Fig. 12 Fig. 13
Passive Analog Audio Splitter
Passive Audio Splitters are the worst of the three typologies and are generally lodged together with the Stage Box, in fact they are Stage Box that have signal copies.
These Stage Box – Splitter may have (but not always) also a Split outputs, useful for example to send a copy LR to a recording or a video recording which requires audio on balanced cable sent from the audio control, or any other thought can to come to mind.
There are 2 types of Passive Audio Splitter:
1. Split wired (fig. 3 and fig. 13)
2. Split with Transformer (fig 15)
The Split wired is the worst solution and is one spilled created by hand by splitting each balanced line signal, in this case everything is input and everything is split, if you want you can also enter the split and take a copy from the input as there is any protection device or separation. This system causes considerable background noise due to interference between the input lines and split, and is also due to possible breakage of electronic components in that as the phantom sent to feed example condenser microphones and D.I. box, passes both from the input circuit which split reaching even the entrance of the pre-amplifiers of the audio mixer in which they are connected.
In the case of Split with a transformer, each split has a transformer circuit (usually a buffer) which, in addition to rebalancing the split signal, allows to recover the loss of 6 dB due to halving.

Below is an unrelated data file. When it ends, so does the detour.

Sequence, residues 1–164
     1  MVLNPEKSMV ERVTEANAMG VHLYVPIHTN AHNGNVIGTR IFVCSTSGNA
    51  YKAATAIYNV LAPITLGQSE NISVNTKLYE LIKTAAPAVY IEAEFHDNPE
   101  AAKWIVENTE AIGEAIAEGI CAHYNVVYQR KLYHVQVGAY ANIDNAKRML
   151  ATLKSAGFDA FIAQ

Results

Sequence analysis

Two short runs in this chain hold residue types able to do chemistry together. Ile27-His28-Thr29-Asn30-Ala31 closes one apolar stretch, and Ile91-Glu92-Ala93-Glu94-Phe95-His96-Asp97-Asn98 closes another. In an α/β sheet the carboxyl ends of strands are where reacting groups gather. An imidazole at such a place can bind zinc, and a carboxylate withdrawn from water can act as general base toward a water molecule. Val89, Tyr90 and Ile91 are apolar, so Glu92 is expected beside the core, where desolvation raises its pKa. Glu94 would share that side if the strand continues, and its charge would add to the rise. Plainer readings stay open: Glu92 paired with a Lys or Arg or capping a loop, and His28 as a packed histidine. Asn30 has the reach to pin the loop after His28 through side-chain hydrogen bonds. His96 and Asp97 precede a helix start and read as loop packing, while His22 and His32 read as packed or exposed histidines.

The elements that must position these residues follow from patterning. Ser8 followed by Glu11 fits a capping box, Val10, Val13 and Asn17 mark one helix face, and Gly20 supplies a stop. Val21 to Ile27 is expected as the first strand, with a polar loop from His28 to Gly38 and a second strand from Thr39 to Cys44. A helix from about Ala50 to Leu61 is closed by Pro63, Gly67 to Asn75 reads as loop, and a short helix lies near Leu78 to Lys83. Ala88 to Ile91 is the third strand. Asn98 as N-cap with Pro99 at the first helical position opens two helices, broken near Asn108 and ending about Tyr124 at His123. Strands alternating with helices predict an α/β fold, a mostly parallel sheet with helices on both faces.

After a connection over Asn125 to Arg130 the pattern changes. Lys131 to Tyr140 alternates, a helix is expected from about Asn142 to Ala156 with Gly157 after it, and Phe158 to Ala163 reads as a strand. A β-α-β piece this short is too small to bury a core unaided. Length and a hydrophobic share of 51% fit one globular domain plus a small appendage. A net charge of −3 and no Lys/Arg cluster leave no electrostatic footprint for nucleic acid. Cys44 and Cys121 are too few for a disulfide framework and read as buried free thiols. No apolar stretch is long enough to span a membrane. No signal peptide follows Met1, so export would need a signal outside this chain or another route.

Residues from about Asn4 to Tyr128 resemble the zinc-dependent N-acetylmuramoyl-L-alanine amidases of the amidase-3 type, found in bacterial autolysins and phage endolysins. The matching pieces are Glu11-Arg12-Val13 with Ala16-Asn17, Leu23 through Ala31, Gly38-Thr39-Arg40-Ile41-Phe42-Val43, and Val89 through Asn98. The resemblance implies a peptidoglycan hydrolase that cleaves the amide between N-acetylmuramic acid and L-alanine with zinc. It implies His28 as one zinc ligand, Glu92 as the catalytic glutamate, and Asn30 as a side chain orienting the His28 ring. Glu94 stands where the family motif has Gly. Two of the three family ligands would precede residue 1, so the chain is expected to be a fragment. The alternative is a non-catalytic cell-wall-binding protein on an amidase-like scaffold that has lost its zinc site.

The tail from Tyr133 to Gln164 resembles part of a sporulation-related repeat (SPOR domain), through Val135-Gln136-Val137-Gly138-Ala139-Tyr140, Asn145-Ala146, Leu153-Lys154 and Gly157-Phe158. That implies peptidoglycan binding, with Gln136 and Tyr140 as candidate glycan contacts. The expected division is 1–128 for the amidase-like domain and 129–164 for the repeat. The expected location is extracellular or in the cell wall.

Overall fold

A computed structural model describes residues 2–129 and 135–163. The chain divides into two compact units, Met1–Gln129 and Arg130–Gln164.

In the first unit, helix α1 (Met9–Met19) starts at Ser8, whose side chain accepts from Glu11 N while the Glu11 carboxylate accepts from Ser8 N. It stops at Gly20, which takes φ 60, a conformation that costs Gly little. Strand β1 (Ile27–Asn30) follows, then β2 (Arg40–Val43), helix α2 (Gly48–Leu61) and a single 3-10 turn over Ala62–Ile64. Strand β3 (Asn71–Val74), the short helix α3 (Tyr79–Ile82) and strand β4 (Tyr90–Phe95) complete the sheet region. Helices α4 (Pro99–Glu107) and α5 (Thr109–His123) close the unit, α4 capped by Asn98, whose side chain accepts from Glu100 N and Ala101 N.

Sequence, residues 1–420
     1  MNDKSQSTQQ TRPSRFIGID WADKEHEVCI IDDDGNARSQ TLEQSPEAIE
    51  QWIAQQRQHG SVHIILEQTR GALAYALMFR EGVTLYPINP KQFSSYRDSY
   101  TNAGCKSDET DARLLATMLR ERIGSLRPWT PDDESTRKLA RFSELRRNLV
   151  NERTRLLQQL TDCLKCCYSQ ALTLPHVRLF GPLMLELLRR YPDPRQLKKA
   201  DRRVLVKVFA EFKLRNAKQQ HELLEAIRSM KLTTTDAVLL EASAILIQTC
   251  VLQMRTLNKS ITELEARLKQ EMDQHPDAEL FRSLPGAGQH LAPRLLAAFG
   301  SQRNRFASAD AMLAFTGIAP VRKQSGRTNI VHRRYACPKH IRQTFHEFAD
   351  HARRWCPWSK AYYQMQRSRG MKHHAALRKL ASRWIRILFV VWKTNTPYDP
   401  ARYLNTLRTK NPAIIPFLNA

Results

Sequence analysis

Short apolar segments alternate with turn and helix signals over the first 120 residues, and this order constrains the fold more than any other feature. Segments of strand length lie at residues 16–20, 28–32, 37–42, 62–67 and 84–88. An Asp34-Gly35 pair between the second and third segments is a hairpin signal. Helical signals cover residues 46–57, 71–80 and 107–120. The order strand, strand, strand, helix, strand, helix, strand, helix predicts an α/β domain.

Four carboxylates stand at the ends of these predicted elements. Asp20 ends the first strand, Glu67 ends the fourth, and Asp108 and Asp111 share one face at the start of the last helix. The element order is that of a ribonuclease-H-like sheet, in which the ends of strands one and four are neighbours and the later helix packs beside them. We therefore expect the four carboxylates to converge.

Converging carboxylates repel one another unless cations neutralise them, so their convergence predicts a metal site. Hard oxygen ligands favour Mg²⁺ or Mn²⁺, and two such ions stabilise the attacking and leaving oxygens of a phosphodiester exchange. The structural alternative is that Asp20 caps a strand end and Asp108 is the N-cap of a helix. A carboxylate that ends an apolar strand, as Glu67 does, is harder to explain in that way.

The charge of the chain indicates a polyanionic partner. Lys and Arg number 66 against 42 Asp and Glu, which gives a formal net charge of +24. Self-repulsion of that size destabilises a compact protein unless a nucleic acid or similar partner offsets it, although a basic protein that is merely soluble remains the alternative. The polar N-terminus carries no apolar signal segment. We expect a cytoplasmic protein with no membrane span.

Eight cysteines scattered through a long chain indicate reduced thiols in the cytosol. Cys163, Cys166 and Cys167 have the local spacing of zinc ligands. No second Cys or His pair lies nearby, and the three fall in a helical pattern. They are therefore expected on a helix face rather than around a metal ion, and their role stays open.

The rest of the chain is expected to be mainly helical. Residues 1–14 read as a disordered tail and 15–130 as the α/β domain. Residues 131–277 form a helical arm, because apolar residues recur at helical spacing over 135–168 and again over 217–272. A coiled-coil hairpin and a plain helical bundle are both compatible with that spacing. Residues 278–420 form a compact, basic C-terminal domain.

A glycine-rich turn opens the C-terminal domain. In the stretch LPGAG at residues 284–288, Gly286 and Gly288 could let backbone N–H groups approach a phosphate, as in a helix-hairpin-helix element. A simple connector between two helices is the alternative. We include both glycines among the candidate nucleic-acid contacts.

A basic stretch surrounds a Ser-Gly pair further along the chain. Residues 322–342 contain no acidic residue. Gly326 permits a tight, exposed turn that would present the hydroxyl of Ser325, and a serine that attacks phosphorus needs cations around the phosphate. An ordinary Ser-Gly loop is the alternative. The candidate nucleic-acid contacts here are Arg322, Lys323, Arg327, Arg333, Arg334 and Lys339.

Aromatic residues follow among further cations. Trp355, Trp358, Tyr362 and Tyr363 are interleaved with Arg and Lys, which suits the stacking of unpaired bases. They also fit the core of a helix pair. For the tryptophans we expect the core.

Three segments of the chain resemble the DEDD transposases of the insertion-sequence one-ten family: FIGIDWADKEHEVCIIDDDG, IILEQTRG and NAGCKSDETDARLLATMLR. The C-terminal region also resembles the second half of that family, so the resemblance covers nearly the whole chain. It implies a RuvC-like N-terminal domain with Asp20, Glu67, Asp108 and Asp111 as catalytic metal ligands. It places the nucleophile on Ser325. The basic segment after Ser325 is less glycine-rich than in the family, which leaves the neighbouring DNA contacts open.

In this case however, being the transformer it would be impossible to send the phantom power, so it is necessary to have external phantom distributors.
When using Phantom for Hand wired Passive Audio Splitter, be very careful because if you accidentally send phantom from different sources such as F.O.H audio mixers and stage audio mixers you can easily lead to breakup of the component to What this phantom arrives, which are generally condenser microphones and D.I. Box, this is why a total voltage of (+48 V) + (+ 48) = + 96 V. would come in.
As a generic line, it is always used to send the Phantom from the audio mixer that allows the shortest path, the stage mixer if present, this also to ensure the signal stability that for long distances may be charged with interference and therefore not arrive properly on the device So as not to allow it to work.
The Split with transformer ensures optimum quality against interference for a perfect separation of the input lines from any induced currents problems, as instead can happen in those active and passive ones especially those without transformers. They are also more expensive and heavy because an excellent transformer is expensive and heavy as well as shorter life cycle compared to the active circuits like those we’ll see, tending to oxidize and create alterations in frequency response.
These transformers suffer from the crosstalk problem (self-induction factors created along the cable in which the signal circulates even more if there is a transformer tends to move on adjacent conductors by creating circulating signal copies on nearby conductors), generally the crosstalk is calculated and present between two neighboring channels, and an acceptable value is less than -100 dBV.
Other on Splitters and Summings:
Splitters and Summings – II ( Active Analog Splitters and their uses, Digital Splitters )
Splitters and Summings – III ( Using Digital Splitters )
Splitters and Summings – IV ( Synchronization and Word Clock, Adders )